I’ve recently subscribed to several great magazines (including Lightspeed, Clarkesworld, and Fireside). I’ve always bought individual issues when I could but I made the move to yearly subscriptions as soon as I could afford to. Well, not afford, not quite yet, but as soon as I could be sure I could no longer afford not to.
Why am I trading eating Ramen more than once in a while for a chance to read some short stories? Partly because I firmly believe that a writer needs to be, first, a reader. Partly because I want to make the transition from someone trying to break into this industry to someone who’s in this industry, and being well-informed as to current trends in genre fiction makes me a better publisher too.
Since I’m getting to read these magazines more regularly, I’m going to start reviewing them as I get to each one. First up: Lightspeed Magazine, Issue #27, which I read this week.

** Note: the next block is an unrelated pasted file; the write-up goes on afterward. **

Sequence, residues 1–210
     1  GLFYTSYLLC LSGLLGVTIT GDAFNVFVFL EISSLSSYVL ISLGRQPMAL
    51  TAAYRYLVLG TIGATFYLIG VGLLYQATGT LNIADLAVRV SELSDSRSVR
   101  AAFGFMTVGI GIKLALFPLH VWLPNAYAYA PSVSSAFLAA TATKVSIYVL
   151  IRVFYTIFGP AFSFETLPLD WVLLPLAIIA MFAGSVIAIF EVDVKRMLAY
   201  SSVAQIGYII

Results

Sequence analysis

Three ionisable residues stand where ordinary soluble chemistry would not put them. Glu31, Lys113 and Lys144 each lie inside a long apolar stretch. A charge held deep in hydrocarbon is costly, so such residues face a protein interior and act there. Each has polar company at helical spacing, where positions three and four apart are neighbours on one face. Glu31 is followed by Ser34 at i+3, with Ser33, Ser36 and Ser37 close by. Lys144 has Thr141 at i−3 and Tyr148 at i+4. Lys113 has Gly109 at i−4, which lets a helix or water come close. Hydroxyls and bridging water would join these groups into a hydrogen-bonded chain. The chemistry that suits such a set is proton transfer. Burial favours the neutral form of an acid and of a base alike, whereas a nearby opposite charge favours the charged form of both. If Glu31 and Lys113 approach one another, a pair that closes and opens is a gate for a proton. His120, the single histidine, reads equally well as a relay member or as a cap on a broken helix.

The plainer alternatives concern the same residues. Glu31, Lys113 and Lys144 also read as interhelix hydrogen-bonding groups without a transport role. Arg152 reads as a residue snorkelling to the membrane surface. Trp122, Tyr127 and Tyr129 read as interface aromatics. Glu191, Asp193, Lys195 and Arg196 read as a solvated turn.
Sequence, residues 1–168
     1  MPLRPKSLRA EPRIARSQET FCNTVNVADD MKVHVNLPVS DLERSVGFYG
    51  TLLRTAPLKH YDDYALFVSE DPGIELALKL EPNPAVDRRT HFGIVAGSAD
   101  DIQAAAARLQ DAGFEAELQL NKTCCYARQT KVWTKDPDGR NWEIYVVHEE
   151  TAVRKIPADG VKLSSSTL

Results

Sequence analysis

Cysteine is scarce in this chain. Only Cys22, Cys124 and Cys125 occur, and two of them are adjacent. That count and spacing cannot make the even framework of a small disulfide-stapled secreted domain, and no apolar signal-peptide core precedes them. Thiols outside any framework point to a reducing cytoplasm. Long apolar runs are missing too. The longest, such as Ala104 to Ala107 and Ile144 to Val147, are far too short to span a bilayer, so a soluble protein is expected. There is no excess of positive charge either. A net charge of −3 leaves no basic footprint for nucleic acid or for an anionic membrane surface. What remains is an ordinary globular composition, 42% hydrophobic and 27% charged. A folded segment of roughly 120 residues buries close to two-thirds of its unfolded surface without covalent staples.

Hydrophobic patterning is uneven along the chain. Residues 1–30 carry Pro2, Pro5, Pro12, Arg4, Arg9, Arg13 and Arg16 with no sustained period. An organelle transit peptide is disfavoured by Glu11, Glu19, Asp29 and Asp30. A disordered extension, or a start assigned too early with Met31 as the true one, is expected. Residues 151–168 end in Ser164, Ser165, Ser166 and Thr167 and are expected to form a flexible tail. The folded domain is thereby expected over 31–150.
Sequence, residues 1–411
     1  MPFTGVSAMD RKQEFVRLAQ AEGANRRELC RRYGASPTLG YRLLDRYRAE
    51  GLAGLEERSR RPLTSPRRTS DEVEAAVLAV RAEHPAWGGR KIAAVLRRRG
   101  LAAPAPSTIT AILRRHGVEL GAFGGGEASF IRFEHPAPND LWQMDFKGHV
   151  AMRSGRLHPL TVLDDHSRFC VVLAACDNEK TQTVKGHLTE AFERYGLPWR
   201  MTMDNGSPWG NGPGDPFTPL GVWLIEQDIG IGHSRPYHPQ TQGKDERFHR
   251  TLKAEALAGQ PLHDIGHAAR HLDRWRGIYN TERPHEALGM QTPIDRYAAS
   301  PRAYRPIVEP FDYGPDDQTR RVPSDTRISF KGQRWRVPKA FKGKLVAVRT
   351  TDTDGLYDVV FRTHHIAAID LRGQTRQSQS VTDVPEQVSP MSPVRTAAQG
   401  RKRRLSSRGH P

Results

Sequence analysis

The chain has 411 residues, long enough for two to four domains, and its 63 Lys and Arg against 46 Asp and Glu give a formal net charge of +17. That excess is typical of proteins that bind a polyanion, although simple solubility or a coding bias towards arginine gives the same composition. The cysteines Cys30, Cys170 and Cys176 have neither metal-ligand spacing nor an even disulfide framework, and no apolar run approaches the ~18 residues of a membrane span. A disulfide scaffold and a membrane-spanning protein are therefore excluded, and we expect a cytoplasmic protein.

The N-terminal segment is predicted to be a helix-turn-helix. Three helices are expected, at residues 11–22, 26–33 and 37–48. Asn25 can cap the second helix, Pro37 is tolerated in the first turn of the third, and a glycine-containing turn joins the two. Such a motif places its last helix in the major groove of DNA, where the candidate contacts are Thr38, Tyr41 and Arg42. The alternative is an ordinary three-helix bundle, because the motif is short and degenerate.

This month’s ebook-exclusive novella is “A Separate War” by Joe Haldeman, and I wish it wasn’t the first piece in the magazine. Because I loved Forever War, and read it more than once (including dissecting it for a class on Science Fiction in Literature), I was well aware of who the main character in this novella was, her connection to the novel, and what was going to end up happening to her. That was what pulled me out of an otherwise well-written novella in Haldeman’s classic military sf style: if you read the novel, and you remember who she is, you know where she’ll end up. This story, then, isn’t about sharing something new as much as it is about filling in a gap from a background character’s off-screen life. Probably fascinating to some people. I didn’t love it.
Next was an excerpt of Kitty Steals the Show, the “new Kitty Norville novel by bestselling author Carrie Vaughn”. It’s typical urban fantasy, starring a werewolf named Kitty (ha ha! get it?) and a horde of vampires and cute boys and leather pants. I tried to read it but ended up skipping over it.
Then came the feature interviews (which I’ll talk about at the end).
The first original short science fiction story of the month was “The Bookmaking Habits of Select Species” by Nebula and Hugo award-winning author Ken Liu.